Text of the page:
Du Fu - Spring in the Ruined City — Selected Poems


Du Fu - Spring in the Ruined City — Selected Poems

Paperback, 112pp, 8.5x5.5ins 
Download a PDF sampler from this book here.

Translated from Chinese by Jonathan Waley

The Tang dynasty (618–907 AD), is celebrated as the greatest moment  in Chinese poetry, a time when poetry was highly rated, and some of China's most famous poets were writing. Du Fu  (712–770 AD) is widely regarded as the greatest of these. He himself wrote that he aimed to startle his readers, and  in some of his more avant-garde poems he combines and contrasts images in a way that almost has a modernist feel to it. On the other hand,  he also enjoyed and  celebrated the simple pleasures in life, and his (apparently) lighter poems about friendship and his  natural surroundings  show this clearly.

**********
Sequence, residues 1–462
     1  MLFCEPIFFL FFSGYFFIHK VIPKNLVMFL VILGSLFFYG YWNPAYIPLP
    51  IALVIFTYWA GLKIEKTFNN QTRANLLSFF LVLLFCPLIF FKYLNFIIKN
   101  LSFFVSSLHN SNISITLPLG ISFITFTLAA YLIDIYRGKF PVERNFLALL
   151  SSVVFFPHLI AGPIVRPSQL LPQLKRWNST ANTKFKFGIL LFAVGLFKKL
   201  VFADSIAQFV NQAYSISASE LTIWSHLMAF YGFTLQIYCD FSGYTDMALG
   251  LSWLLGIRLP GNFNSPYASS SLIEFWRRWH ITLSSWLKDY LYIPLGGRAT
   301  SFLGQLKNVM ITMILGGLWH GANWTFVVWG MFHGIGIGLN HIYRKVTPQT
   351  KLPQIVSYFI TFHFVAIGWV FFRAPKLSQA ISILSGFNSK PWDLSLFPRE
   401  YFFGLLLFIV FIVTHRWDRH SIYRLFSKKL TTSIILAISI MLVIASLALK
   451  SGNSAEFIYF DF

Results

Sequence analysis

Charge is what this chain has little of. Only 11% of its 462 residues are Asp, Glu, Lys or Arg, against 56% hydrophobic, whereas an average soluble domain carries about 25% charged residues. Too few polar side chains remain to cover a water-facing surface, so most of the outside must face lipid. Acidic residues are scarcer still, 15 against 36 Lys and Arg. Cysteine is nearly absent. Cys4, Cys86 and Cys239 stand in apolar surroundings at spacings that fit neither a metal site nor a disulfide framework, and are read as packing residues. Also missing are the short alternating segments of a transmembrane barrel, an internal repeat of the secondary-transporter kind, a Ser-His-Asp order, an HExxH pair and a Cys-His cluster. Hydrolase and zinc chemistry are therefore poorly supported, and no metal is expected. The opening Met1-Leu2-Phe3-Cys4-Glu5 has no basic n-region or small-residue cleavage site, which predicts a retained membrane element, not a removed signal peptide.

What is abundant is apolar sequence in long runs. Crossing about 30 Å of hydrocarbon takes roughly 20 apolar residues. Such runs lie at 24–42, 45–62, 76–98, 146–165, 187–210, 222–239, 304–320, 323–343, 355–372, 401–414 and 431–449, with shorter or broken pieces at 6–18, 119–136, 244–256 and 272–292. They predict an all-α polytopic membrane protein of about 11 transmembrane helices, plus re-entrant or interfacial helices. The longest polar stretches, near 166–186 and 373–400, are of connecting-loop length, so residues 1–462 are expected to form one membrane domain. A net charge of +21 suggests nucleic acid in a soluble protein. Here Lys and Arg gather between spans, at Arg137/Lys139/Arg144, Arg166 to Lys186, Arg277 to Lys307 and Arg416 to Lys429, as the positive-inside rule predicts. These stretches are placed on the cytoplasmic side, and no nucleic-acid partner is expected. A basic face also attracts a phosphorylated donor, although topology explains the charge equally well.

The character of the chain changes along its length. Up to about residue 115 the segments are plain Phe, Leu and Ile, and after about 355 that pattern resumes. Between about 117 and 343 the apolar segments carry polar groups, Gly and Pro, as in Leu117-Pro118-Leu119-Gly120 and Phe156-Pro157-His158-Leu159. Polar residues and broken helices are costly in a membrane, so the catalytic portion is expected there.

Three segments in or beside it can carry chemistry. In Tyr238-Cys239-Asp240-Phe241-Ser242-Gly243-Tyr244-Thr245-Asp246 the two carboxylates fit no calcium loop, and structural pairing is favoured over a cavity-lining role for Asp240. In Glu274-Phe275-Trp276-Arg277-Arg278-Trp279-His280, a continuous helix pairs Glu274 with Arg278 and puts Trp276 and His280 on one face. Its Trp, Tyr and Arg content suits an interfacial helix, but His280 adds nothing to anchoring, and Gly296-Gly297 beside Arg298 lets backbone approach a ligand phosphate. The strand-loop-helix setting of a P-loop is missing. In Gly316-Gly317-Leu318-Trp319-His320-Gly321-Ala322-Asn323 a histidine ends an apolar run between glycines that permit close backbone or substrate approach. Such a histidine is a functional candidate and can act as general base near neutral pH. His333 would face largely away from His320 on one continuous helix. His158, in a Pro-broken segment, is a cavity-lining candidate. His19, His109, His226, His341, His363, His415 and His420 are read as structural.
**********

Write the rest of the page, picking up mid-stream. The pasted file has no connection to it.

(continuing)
The rebellion which devastated the lives of ordinary people and nearly toppled the Tang dynasty is present in many of these poems. Du Fu faces up to this crisis  by probing the wounds of his age in painful detail. At the same time, we experience his own sufferings, such as  famine and family bereavement, as well as his disabling sense of uselessness, as he came to realise he would never gain high office and so influence events.

It is this huge variety in topic and texture that have made Du Fu's poetry so popular in China over the last thirteen hundred years.


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